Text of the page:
0

Sorry, I believe that the title of this post is a little misleading, but can't understand what the best keywords are.

For my thesis, I have asked some help for a statistical analysis to a faculty member, getting more or less a 3-hours tutorial on the analysis. After my thesis, I have written an article on a broader topic that includes some preliminary data taken from that experiment. My article has been accepted, and I would like to mention the involvement of the faculty member that has advised me on the analysis. What are the possible methods?

I would like to ask you for different ways to do this, so to discuss this with the faculty member mentioned. As written in this article (http://www.labtimes.org/labtimes/issues/lt2013/lt02/lt_2013_02_40_40.pdf), the role of this advisor has been significant - otherwise I wouldn't have been able to complete my thesis -, but really too little in relation to the theme and scope of the article.

In any case, this is showing preliminary data (very basic), and I have written it completely by myself, with half the article covering a different topic. I am actively working with this advisor right now on a proper analysis to be published in a journal with this advisor as a coauthor.

  • "... I would like to mention the involvement of the faculty member...What are the possible methods?" Why not just add this person as a co-author and be done with it? – SecretAgentMan Sep 11 '18 at 13:37
3

If the paper has been already accepted, I am not sure that you are even allowed to add co-authors at this stage. So, the only option that you have is to mention his/her contribution in the acknowledgment (e.g., "I am grateful to XYZ for his/her help on data analysis"). Anyway, if I understood you correctly, the help was limited to 3 hours consultation. For such contribution a person usually will not expect to be part of the paper (unless you promised this explicitly).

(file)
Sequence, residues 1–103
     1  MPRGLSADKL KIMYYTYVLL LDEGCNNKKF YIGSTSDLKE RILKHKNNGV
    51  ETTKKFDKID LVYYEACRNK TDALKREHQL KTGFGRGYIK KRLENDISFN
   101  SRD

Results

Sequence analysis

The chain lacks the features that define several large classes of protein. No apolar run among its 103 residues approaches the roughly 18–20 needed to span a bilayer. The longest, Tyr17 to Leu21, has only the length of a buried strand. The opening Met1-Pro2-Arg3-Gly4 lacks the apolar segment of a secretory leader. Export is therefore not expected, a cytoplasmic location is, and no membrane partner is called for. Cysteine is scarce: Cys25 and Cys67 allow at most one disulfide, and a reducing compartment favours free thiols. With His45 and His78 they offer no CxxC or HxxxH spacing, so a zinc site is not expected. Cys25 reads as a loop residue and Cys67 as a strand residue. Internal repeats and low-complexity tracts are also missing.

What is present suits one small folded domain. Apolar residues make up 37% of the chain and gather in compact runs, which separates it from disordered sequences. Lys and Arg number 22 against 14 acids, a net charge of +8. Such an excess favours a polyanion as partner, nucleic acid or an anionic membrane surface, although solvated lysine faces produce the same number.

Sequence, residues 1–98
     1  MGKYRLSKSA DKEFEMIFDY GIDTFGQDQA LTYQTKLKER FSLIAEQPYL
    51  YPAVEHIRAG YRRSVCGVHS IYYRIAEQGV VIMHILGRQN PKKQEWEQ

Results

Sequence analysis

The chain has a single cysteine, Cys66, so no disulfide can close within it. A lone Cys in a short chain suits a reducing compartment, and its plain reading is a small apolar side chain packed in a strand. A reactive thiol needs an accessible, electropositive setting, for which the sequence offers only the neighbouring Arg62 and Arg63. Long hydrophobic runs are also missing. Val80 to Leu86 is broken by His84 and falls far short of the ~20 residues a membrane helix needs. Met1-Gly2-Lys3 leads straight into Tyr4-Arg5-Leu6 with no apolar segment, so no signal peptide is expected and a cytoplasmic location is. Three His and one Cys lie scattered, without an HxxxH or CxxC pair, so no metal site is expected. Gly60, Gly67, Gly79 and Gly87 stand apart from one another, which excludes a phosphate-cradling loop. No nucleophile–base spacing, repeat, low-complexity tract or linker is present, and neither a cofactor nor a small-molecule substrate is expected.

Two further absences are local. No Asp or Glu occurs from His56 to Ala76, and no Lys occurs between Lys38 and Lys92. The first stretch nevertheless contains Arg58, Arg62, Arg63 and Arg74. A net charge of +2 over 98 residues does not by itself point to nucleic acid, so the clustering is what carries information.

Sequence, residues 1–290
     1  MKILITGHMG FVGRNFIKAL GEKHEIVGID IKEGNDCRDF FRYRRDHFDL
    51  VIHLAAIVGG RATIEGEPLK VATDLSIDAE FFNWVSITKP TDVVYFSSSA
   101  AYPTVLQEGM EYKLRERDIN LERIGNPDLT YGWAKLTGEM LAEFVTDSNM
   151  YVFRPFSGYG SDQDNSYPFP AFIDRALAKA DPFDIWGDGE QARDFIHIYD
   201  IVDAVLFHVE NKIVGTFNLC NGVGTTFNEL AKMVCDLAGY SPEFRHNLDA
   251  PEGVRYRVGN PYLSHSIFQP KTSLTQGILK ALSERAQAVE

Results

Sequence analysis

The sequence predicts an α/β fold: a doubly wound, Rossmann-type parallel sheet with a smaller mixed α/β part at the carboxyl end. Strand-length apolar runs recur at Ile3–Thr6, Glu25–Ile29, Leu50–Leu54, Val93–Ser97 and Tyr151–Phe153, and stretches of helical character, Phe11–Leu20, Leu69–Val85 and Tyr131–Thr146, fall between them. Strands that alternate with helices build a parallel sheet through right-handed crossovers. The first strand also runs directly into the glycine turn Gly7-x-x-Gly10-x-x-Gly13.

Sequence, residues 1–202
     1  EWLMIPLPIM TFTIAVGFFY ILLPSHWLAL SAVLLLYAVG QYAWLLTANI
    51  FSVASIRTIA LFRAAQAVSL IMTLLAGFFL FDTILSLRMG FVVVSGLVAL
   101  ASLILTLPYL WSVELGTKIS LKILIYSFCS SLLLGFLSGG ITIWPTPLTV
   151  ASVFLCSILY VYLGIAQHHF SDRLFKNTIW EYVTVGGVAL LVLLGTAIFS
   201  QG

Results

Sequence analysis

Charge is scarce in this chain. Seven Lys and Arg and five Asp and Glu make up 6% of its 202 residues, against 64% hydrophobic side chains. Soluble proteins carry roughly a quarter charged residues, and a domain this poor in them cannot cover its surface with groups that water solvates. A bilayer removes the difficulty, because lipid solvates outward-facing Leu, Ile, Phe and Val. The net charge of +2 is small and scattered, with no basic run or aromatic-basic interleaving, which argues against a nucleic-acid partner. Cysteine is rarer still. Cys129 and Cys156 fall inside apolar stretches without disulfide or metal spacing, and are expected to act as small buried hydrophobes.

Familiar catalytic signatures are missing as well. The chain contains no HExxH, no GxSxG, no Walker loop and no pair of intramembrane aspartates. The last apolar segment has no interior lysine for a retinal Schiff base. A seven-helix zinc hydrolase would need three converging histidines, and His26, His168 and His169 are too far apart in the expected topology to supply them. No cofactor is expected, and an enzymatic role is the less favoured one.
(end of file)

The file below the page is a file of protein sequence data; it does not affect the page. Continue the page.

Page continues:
| improve this answer | |
  • 4
    Did you omit "not" in the last sentence? – GEdgar Sep 11 '18 at 14:05
  • Like @GEdgar said, the last sentence seems to cut against the grain of your answer, which I would have upvoted otherwise. – henning -- reinstate Monica Sep 11 '18 at 14:10
3

I don't think that it is appropriate to include anyone as an author unless they actually contributed directly to the paper. That might include a lot of people in a science lab that helped carry out the experiments on which the paper is based, of course. That doesn't seem to be the case here. It seems more a case of general education with an indirect contribution at best.

But it is common, and probably still allowed after acceptance, to add an acknowledgement section at the end of the paper in which you write a sentence or two mentioning the professor and the contribution. "I would like to thank Professor Smythe for his (her) help and patience for giving me a deeper understanding of ...". I wouldn't push it to the point that you couldn't have completed your dissertation without the help, and doubt that that is precisely correct in any case. But if the help deepened your understanding, say something like that.

| improve this answer | |
  • It is very common and it definitely should be the case that people who are not actually writing the papers are coauthors. There's much more to research than just writing the paper, there might be experiments, data collection, data processing, data interpretation,.... Actually you should include anyone who made a significant contribution to the paper as a coauthor. If that advice was crucial to the success of the research it might warrant an authorship. – user64845 Sep 11 '18 at 16:34
  • @DSVA, yes, I'm aware of what happens in science labs and agree that it is appropriate. But my interpretation of "writing" extends to that. I'll make an edit to clarify. Thanks. – Buffy Sep 11 '18 at 17:15

Your Answer

By clicking “Post Your Answer”, you agree to our terms of service, privacy policy and cookie policy

Not the answer you're looking for? Browse other questions tagged or ask your own question.